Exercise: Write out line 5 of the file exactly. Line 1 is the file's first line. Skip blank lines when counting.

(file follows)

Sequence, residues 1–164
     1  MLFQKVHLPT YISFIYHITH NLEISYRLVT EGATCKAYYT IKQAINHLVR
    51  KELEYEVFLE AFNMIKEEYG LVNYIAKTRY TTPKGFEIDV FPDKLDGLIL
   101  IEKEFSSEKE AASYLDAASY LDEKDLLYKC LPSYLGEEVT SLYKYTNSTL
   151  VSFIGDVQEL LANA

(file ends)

   151  VSFIGDVQEL LANA